When you start building a business selling online courses, it can be easy to fall into the trap of believing in myths. From doing big launches to dwelling on names to creating too many courses, there are plenty out there. Believing in myths can distract you from what really matters, causing you to focus your energy on the wrong things. As you make your way into the online course business, try to learn from the mistakes of others. In that spirit, I offer you my top picks of online course myths to ignore—and why: Myth #1: Your Course Name Is Everything Your course name isn’t a headline. Nor is it the sole thing that grabs your audience’s attention. Obsessing over the wrong things is a common mistake new course creators make. A lot of new creators debate their course names for hours, days, and even months. They dwell on this minor detail instead of putting their energy into developing their coursework and growing their audience Truth: The name of your course matters, but it shouldn’t keep you up at night. What really matters is your course “hook,” also known as the OUTCOME people will achieve if they purchase and implement the lessons in your course.
An alarming study conducted by the University of Pennsylvania showed that online courses have an average completion rate of 4%! That means as an online course creator, 96% of your customers are failing to see value in your courses. Failing to impact the majority of your clients is a recipe for disaster. Not only does this guarantee a low client retention rate, but it also means your chances of growing your client base are slim. After all, would you purchase additional courses from an instructor who didn’t deliver results the first time around? Would you then go on to recommend their courses to your colleagues, family, or friends?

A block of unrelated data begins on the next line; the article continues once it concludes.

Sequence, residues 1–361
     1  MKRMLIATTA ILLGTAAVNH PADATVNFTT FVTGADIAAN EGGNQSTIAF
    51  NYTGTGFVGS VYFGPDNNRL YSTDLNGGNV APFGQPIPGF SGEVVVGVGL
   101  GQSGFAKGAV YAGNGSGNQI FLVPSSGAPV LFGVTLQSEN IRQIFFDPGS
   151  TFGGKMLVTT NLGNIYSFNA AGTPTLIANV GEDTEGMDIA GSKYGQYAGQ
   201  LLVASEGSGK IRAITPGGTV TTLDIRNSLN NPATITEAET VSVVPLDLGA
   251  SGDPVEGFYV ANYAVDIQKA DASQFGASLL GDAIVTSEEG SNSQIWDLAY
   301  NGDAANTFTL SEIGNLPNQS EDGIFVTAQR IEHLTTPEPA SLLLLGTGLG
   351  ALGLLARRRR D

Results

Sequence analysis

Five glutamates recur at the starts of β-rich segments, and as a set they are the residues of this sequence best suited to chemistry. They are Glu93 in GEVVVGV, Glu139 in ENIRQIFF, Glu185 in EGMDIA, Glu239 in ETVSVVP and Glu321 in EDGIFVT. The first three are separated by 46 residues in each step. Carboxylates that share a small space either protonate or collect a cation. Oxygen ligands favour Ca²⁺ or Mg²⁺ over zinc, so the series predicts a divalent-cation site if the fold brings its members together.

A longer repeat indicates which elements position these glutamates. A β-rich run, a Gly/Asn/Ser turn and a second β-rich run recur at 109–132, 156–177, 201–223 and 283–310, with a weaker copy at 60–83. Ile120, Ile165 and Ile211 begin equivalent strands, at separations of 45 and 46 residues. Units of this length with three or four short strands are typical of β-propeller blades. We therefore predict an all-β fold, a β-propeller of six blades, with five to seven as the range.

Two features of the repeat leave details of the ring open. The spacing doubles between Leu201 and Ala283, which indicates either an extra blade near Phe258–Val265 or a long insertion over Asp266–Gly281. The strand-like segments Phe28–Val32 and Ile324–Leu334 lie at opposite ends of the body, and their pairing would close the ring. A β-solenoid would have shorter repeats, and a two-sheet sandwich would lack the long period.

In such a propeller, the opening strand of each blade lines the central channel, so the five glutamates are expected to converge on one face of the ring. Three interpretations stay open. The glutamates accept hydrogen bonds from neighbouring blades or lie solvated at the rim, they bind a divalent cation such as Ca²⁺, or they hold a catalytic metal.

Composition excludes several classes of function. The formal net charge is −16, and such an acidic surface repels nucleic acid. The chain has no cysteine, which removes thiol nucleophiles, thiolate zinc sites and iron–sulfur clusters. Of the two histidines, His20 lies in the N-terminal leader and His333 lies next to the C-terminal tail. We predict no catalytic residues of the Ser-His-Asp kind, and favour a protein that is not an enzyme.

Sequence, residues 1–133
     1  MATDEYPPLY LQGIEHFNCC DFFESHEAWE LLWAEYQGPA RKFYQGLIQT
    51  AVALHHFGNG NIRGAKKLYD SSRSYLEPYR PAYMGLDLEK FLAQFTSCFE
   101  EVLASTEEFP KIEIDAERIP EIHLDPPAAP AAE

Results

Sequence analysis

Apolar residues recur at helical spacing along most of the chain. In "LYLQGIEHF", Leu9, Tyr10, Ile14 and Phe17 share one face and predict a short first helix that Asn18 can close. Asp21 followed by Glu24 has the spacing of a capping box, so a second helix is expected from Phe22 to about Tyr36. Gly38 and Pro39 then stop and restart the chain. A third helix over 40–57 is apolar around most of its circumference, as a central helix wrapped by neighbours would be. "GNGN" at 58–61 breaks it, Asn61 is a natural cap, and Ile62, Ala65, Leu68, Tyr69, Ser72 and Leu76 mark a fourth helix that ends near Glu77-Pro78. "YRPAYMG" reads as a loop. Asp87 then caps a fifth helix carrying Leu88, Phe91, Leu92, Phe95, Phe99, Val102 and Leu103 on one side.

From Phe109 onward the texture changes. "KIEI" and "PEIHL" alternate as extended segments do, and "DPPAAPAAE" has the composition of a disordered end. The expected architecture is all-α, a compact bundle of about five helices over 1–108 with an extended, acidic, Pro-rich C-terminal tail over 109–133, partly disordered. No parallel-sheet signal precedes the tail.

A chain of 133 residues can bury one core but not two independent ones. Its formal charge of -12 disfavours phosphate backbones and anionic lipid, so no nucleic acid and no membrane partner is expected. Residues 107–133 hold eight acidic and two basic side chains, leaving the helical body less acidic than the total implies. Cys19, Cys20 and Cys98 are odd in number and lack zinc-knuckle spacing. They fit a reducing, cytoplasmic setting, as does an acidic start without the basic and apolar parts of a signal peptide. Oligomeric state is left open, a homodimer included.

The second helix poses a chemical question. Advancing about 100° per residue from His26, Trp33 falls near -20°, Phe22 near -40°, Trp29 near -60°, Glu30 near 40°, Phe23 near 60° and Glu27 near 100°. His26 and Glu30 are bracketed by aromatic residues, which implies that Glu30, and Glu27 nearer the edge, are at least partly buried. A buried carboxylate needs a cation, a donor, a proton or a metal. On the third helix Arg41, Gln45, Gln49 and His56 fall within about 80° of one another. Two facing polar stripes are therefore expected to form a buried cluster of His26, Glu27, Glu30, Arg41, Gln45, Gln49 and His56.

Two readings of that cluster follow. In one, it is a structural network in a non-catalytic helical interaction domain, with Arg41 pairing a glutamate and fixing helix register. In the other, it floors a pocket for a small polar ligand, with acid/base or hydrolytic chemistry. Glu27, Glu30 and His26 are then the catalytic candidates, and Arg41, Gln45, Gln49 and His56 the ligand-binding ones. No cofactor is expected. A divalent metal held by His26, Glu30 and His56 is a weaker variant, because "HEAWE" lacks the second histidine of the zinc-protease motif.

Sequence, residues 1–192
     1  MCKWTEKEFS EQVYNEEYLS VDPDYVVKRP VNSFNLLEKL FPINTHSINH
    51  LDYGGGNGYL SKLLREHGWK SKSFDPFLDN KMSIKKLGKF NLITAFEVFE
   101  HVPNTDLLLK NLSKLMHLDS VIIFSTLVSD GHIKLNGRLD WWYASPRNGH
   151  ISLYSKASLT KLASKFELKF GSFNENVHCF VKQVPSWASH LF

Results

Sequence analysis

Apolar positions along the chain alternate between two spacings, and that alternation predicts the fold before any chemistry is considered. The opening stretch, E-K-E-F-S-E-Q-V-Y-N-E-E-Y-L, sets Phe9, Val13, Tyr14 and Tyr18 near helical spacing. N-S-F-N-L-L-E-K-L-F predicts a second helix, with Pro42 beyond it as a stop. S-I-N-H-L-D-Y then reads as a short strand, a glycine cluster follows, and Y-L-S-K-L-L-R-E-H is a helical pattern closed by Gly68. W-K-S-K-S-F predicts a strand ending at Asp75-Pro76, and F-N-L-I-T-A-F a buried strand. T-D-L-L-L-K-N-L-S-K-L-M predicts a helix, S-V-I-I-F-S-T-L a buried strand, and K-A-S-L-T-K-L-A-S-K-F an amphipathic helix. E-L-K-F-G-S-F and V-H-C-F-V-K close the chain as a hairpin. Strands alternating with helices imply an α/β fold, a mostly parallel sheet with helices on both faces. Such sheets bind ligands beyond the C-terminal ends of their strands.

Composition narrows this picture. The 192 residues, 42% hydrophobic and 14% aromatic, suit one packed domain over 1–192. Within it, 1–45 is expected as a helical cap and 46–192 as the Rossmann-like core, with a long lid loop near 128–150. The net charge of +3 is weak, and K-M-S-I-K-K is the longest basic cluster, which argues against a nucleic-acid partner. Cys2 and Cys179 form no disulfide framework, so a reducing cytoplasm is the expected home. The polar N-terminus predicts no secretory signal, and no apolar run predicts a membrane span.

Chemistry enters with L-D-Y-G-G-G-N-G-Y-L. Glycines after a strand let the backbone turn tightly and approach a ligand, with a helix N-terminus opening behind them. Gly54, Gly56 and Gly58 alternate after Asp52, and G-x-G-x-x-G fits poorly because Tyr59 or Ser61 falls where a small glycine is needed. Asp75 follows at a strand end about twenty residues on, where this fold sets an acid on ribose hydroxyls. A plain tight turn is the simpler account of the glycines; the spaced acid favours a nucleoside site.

More and more entrepreneurs are turning to membership websites, a business model which provides exclusive content to people who pay a monthly or yearly fee. Some entrepreneurs establish businesses which revolve around this model while others are using it to expand an already existing business. It’s not difficult to see why: early in 2018, Forbes reported that the subscription e-commerce market grew by more than 100 percent each year for the previous five years. Of course, membership sites make money for their owners but that’s not the full story. They generate passive income. Unlike other forms of income generation where you don’t make money unless you’re working, with membership sites, you can create content and then let it earn for you. Think about all the ebooks, online courses, podcasts and webinars that you see being advertised. Beyond the money, the best membership websites allow people or businesses to establish themselves as the experts in their chosen field. It also helps them to increase the buzz surrounding their business. Furthermore, membership websites help businesses to offer more value to their customers and create a loyal customer base.